Julia Schmitt remembers coming home late one night, bothered by her boss or "20 million things" at work. She found her father, a night owl, fully awake and ready to listen. They talked for hours. Actually, she talked.
"He was a great listener and not one to give advice. If someone needed to talk, he was great at processing," she said. "For two hours straight, he let me talk. ... He made you feel heard."
Each day, these pages are filled with stories of people who have shaped their communities through their impact on business, education, government or the arts. Darwin Lee Schmitt's story is a quieter one.
Brilliant, artistic and intensely curious, he was a husband, father and friend who listened more than he spoke, comfortable with silence yet capable of conversing about anything from woodworking to politics, native prairie grasses to coin collecting.
Schmitt, 68, of Minnetonka, died this week while driving home after meeting friends for coffee when his car collided with a dump truck.
Susan Bloom, who'd met Schmitt and a group "of grumpy old men" a dozen years ago over coffee, said they'd been sitting in the sun that morning, talking about the universe and swapping hosta. "We ended how we started," she said before pausing. "I just like knowing he was on the Earth."
Schmitt was born Sept. 11, 1950, to Wayne and Helen Schmitt in Hampton, Iowa. After graduating from Hampton Community High School, he attended Carleton College in Northfield. During his first year there, Schmitt's mother was killed in a car crash, said Anne McBean, a college classmate and longtime friend. He went on to graduate with a degree in history before earning a master's degree from the then-College of St. Thomas and taught high school social studies for a time.
Schmitt met Emily Clough at Carleton. They were married in August 1982, Julia Schmitt said. Darwin and Emily Schmitt adopted Julia and Alice in 1986 and 1989, respectively, from Korea.
A lifelong learner who loved gadgets, Schmitt pivoted from teaching to working with computers. He worked for Control Data in the 1970s and 1980s and later became a database consultant before retiring a couple of years ago.
Over the years, he immersed himself in gardening, coin collecting and, after retirement, woodworking. He built birdhouses (many sold by Twin Cities area garden shops) and created other works of art in a variety of woods. He loved music, dance and theater and was "a very supportive bystander," his oldest daughter said, as she became a dancer and then co-owner of an Eden Prairie dance studio.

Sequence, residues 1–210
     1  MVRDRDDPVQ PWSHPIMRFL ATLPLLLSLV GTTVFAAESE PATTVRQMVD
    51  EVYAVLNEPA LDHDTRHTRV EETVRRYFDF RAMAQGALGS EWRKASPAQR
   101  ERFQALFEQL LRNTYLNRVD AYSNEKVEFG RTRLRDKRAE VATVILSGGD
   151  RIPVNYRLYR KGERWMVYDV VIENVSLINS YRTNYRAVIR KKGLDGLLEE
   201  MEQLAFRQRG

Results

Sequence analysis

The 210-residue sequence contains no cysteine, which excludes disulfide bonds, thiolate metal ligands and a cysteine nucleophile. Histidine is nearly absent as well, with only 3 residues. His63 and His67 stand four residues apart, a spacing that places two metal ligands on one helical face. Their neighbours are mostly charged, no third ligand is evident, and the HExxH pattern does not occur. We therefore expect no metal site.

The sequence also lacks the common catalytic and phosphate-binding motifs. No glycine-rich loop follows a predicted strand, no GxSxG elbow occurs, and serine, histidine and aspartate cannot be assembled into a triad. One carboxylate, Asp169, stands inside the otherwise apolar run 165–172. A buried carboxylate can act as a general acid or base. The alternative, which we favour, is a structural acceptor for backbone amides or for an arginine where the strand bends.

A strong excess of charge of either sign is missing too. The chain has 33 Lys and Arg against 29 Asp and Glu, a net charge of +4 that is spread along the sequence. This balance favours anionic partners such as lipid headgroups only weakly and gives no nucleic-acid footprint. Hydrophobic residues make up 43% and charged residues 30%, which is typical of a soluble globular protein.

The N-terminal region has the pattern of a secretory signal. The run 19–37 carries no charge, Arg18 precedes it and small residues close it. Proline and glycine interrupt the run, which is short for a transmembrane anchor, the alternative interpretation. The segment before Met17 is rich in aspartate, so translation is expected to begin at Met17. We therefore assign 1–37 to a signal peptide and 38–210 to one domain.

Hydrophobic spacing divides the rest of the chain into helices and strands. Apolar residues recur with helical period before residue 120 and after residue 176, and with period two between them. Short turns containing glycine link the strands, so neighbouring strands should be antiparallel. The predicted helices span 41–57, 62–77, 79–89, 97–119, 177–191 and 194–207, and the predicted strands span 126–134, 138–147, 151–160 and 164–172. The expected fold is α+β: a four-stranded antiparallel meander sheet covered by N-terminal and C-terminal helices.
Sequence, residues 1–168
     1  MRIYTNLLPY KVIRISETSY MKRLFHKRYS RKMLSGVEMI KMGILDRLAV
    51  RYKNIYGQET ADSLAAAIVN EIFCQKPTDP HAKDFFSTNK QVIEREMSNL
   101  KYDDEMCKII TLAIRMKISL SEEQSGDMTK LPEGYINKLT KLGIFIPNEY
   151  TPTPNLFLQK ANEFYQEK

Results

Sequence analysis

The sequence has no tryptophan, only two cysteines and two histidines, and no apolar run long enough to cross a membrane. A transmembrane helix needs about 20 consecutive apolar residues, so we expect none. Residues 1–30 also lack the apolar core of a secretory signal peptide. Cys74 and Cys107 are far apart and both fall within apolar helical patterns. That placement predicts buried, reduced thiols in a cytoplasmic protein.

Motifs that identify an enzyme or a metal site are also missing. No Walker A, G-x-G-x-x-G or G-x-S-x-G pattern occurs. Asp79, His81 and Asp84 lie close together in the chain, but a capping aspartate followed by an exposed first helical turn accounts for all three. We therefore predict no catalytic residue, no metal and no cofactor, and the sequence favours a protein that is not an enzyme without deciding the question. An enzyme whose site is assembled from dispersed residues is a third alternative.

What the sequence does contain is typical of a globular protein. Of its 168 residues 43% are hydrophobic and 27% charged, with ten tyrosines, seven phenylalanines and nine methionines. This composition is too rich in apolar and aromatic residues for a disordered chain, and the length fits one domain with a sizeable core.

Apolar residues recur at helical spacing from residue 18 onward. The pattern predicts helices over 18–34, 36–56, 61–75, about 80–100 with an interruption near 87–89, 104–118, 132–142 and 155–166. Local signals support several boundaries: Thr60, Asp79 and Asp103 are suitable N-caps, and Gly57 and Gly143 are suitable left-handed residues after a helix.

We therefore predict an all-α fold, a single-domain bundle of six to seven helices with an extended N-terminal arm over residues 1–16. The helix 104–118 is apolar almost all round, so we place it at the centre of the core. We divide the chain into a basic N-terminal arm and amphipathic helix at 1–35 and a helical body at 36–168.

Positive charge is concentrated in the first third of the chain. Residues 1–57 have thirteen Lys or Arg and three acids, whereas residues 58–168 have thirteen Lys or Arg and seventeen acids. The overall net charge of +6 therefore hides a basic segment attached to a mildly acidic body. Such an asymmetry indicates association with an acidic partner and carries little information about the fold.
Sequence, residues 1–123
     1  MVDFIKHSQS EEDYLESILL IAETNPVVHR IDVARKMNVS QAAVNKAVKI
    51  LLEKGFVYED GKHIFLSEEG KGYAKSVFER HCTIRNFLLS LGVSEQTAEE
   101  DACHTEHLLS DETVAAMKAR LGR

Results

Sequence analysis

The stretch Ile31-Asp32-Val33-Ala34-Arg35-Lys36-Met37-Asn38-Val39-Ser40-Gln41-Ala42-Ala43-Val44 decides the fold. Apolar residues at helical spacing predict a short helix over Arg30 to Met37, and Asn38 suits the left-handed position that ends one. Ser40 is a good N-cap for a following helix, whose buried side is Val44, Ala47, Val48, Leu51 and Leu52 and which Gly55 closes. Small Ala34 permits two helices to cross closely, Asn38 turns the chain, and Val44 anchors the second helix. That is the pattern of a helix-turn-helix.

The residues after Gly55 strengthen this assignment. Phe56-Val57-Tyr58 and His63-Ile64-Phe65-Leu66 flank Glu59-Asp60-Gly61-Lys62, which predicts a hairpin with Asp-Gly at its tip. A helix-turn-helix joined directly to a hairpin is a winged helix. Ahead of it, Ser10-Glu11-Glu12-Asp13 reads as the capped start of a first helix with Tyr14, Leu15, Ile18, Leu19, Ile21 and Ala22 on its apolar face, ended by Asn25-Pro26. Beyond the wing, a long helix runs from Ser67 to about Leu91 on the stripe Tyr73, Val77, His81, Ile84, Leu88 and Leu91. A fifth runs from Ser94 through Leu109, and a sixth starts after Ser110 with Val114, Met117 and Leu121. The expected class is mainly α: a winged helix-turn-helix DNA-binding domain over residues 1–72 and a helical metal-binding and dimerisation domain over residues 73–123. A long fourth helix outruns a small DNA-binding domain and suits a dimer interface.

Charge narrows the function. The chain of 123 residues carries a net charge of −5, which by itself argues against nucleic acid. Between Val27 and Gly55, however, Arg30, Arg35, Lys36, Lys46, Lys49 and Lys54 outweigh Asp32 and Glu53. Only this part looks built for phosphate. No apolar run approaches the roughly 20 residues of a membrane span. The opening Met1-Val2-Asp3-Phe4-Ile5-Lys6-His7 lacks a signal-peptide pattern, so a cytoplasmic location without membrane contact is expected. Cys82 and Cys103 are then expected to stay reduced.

He never lost his interest in history, delivering impromptu lessons at every opportunity and each roadside marker. His humor was dry. "He didn't tell dad jokes," Julia Schmitt said. "It was more highbrow than that. ... I didn't get them."
An example: He wrote on his Facebook page in February about hearing chickens clucking while sanding in his workshop. It must be his wife's phone, he surmised; her ringer was set for clucking. Running late, she repeatedly asked him if he'd seen it. He kept insisting he hadn't. More clucking. It turned out, the phone was in his pocket all along.
Julia Schmitt admits her dad's interests — such as tall grass prairie — could bore her to tears. Still, for Father's Day, she'd offered to go with him to the Minnesota Landscape Arboretum where he could explain tall grass prairie to his heart's content. They never did.
Schmitt is survived by his wife and daughters, his father, three siblings, a stepmother and several stepsiblings. A memorial service is scheduled 2 p.m. July 1 at the Arboretum. Julia has prepared a nine-slide presentation on long grass prairie. Her father, she thinks, would approve.